The Viking Age brought great changes in Britain, Ireland and Scotland. The kingdom of Dl Riata was destroyed, Ketil Flatnose is said to have founded the Kingdom of the Isles in the 9th century. Northumbria succumbed to the Vikings, who founded the Kingdom of York. The king and many more, were killed in a major battle against the Vikings in 839 The rise of Kenneth MacAlpin in the 840s, in the aftermath of this disaster, brought to power the family who would preside over the last days of the Pictish kingdom and found the new kingdom of Alba, although Kenneth himself was never other than king of the Picts. The changes may not have been noticeable at first; we do not know the Pictish name for their land, it may not have been a change at all. The Picts, along with their language, did not disappear suddenly it was a slow process of absorption into the Gaelic culture, which may have begun generations earlier, with the final absorption probably during the 11th century, and so the Picts were soon forgotten but later they would reappear in myth and legend

The Picts are often said to have practiced matrilineal succession on the basis of Irish legends and a statement in Bede's history. In fact, Bede merely says that the Picts used matrilineal succession in exceptional cases.

The Pictish language has not survived. Evidence is limited to place names and to the names of people found on monuments and the contemporary records. The evidence of place-names and personal names argue strongly that the Picts spoke Insular Celtic languages related to the more southerly languages a number of inscriptions have been argued to be non-Celtic, and on this basis, it has been suggested that non-Celtic languages were also in use.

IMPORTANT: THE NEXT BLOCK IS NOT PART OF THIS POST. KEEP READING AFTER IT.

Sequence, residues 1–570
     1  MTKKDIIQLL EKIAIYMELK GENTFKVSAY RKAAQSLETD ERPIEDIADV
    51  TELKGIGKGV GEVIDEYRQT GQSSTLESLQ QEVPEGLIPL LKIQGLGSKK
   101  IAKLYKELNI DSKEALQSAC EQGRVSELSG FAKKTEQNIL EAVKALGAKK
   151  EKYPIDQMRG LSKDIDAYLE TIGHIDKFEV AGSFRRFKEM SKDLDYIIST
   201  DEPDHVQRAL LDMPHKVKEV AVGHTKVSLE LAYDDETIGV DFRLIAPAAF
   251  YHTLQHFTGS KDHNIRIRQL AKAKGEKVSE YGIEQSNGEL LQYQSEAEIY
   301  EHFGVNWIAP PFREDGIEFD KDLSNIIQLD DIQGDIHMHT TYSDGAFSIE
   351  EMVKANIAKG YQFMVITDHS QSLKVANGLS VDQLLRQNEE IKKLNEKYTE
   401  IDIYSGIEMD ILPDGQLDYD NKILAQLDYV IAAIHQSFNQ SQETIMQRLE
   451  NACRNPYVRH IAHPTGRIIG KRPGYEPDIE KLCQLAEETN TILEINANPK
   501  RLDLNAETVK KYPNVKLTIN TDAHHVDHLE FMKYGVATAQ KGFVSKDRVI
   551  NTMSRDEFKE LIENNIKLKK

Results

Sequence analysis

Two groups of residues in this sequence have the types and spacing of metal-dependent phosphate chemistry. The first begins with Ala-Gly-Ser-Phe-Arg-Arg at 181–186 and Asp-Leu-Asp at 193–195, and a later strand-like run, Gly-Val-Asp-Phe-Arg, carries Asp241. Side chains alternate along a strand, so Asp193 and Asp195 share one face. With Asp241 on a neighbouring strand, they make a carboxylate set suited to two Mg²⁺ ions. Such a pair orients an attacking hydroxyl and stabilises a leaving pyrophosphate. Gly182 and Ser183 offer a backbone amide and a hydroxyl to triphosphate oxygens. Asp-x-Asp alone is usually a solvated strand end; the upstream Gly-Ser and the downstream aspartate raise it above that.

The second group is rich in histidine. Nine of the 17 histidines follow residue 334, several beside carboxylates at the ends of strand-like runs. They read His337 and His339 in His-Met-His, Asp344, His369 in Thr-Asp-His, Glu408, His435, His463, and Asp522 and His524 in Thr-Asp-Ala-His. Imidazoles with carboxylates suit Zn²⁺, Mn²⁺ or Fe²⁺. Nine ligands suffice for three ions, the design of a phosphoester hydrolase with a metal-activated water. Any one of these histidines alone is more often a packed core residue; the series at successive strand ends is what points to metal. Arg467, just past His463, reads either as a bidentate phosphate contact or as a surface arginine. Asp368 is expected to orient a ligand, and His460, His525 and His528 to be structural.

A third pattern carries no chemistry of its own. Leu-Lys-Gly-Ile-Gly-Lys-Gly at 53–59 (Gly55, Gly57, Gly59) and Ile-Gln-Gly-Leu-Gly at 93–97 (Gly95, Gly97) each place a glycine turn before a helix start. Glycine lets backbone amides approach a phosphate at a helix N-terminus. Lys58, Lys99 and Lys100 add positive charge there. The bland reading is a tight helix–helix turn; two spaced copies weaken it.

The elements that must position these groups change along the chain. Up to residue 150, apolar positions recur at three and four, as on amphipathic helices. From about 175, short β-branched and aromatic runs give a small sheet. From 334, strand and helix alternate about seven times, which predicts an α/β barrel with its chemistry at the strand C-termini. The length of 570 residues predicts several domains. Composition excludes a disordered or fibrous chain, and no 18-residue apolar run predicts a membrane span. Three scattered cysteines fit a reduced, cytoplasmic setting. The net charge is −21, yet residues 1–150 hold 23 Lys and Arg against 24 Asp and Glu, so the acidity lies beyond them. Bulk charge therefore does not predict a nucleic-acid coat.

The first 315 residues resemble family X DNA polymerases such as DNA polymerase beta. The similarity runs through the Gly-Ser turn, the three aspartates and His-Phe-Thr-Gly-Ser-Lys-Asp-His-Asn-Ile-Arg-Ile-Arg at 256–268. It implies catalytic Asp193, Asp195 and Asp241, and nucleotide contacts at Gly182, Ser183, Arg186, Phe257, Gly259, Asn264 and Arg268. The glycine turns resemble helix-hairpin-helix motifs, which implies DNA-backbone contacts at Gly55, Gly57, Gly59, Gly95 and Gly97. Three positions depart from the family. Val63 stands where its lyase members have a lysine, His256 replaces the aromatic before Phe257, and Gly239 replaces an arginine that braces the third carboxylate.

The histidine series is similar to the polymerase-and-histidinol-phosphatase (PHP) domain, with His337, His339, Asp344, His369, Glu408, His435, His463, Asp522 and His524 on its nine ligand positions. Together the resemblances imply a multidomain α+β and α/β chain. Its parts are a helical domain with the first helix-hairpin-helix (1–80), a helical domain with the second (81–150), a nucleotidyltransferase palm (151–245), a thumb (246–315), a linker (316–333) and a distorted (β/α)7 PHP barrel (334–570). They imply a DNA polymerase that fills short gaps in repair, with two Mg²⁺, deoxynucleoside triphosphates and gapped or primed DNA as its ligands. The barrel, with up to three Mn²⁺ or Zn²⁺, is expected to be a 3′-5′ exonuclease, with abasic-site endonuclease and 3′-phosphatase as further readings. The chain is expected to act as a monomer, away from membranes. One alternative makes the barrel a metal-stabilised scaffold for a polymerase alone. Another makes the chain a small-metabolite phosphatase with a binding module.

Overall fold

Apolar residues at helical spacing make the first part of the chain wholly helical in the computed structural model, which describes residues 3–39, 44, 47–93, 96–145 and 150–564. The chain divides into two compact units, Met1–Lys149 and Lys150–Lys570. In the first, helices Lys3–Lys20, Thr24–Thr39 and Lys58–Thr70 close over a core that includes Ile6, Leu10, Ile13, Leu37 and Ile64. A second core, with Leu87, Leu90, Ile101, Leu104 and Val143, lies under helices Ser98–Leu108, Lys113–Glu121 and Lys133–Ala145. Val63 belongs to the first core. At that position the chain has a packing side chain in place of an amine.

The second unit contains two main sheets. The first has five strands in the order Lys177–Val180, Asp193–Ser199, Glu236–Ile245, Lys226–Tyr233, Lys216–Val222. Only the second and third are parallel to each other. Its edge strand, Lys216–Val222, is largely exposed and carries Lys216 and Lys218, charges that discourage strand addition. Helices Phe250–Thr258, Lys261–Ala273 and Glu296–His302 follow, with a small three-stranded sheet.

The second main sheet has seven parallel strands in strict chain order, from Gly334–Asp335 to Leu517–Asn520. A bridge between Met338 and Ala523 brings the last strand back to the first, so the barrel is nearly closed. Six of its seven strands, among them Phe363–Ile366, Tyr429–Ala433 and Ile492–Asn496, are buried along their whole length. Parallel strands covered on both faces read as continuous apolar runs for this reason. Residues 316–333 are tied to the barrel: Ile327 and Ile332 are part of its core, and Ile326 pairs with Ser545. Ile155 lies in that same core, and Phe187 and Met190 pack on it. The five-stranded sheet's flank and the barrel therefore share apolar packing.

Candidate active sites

The absence of surviving written material in Pictish does not mean a pre-literate society. The church certainly required literacy, and could not function without copyists to produce liturgical documents. Pictish iconography shows books being read, and carried, and gives every reason to suppose that such images are of real life. Literacy was not widespread, but among the senior clergy, and in monasteries, it would have been common.

Place-names often allow us to deduce the existence of historic Pictish settlements in Scotland. Those prefixed with "Aber-", "Lhan-", or "Pit-" indicate area inhabited by Picts in the past (for example: Aberdeen, Lhanbryde, Pitmedden, Pittodrie etc). Some of these, such as "Pit-" (portion, share), were formed after Pictish times, and may refer to previous "shires" or "thanages".

More about this author: Sue Bluze